My latest print publication has now been released in the Norwich Record: NU To The Rescue. I contributed to this piece, which outlines Norwich University’s response to the flooding from Hurricane Irene in central Vermont. My contribution outlines the similarities between the response of 2011 and that of 1927, when Vermont was struck by a legendary flood that devastated the state. In both instances, Norwich stepped up to the plate and helped bring about the recovery in Northfield and in other towns in the area:
Though separated by 84 years, the parallels between Tropical Storm Irene and the flood of 1927 are hard to miss.
Drive through any small Vermont town and make note of the plaques bolted to the sides of the bridges. More often than not the structures were built in 1928 or 1929, a lasting reminder of the devastation of the great flood of 1927. Then, as now, Norwich University students and staff were instrumental in rescue and relief efforts in Northfield and the surrounding areas.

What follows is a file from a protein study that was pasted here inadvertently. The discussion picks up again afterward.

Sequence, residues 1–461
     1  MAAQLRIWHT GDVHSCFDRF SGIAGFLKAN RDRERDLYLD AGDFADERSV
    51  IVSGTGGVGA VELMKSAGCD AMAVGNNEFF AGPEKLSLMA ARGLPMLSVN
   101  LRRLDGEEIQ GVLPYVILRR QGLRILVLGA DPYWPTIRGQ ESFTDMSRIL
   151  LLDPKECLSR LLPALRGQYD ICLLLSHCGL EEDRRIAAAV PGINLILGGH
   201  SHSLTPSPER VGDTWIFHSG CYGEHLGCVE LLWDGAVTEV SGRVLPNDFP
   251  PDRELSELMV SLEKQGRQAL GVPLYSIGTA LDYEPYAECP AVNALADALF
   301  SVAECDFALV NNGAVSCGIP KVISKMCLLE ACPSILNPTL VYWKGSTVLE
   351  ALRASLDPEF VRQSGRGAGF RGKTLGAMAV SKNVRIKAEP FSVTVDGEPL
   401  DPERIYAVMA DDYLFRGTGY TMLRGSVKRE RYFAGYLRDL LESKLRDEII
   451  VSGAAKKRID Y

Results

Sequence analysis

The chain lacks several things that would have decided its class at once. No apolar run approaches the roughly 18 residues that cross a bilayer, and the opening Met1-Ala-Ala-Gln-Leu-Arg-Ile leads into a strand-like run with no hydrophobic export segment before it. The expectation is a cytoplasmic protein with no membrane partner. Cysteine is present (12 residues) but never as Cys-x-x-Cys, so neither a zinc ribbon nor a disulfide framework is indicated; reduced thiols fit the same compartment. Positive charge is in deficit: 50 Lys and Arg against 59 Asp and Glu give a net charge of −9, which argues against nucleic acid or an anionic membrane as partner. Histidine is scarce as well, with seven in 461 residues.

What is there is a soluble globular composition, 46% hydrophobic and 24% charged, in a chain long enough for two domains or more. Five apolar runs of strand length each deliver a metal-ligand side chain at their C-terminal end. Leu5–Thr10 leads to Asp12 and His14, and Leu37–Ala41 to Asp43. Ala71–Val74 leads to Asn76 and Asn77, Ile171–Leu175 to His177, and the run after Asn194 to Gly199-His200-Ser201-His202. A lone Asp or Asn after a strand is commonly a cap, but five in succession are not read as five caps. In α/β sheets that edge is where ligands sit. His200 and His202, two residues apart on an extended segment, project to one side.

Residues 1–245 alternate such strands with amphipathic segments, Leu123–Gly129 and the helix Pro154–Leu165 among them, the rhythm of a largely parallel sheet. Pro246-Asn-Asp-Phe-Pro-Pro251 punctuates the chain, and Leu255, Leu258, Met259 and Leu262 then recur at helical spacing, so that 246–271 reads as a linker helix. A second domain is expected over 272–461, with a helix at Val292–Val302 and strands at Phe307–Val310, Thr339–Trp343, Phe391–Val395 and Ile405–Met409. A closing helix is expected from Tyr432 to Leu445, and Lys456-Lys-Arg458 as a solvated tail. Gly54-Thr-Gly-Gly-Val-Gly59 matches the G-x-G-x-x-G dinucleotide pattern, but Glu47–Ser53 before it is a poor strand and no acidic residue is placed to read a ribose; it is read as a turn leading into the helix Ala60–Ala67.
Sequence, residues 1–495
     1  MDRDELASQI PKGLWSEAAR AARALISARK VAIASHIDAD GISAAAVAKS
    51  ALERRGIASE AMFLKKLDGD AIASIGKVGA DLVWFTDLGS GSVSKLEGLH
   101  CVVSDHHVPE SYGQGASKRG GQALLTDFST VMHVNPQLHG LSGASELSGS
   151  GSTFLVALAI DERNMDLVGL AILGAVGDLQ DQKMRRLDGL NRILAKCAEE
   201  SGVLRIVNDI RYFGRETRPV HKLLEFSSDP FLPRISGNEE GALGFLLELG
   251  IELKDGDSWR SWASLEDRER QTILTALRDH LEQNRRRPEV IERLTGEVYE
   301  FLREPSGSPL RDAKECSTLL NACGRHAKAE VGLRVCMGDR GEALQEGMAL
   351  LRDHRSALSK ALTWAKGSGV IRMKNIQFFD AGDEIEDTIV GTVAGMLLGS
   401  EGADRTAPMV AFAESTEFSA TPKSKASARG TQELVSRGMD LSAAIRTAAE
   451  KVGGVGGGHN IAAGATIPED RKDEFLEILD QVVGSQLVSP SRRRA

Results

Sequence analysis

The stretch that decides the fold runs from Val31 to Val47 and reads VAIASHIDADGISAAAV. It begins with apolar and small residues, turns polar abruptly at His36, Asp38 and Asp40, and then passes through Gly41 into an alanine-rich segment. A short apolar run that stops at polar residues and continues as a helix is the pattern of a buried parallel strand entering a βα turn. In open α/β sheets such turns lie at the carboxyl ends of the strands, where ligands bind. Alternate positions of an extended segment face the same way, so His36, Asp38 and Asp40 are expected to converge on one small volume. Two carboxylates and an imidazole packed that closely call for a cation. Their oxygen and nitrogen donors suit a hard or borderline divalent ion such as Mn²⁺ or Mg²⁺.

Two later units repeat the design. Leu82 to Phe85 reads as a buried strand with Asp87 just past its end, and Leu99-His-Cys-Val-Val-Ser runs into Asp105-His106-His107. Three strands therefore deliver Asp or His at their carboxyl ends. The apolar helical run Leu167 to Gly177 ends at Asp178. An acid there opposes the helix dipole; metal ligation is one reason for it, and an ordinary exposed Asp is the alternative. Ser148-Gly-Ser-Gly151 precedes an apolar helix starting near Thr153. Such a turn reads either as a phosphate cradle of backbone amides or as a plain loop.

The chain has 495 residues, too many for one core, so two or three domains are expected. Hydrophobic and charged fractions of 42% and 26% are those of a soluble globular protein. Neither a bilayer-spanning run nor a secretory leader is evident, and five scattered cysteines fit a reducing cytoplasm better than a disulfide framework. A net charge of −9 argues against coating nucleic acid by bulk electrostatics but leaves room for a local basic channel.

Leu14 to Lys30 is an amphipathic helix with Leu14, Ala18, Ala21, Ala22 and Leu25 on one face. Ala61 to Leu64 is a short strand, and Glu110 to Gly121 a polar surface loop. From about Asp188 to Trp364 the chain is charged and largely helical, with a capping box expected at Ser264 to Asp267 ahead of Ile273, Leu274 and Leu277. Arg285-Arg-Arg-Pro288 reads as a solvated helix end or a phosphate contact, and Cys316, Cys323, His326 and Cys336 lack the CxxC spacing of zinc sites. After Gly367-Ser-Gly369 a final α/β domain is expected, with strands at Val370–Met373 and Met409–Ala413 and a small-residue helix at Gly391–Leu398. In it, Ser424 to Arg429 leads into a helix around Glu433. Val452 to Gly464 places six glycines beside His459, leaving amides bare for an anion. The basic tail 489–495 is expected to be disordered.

Due to an unusually wet fall, by late October 1927, river banks all over Vermont were swollen and approaching their limits. A confluence of cold and warm fronts on Wednesday, November 2, resulted in three consecutive days of steady rain. By Friday, torrential downpours resulted in almost nine inches of precipitation on top of the already saturated ground. The result was horrific: 84 Vermonters lost their lives in the ensuing floods—yet incredibly, not a single person in Northfield perished.
The floodwaters, which rose upwards of 15 feet over the banks of the Dog River and Union Brook, transformed the downtown area into a veritable lake. Sophomore Glenn Leet ’30 wrote, “Almost all of the bridges were down, there were no lights or power, and communication with the rest of the world was cut off.”
You can read the rest of the piece over here.
Researching the history of the school is something that I’ve begun to do more with in recent years, and every single time, I’m astounded at the cadets, students and alumni of the school. It makes me very proud to be part of the school’s heritage, and something that I’m very, very happy to document for future readers.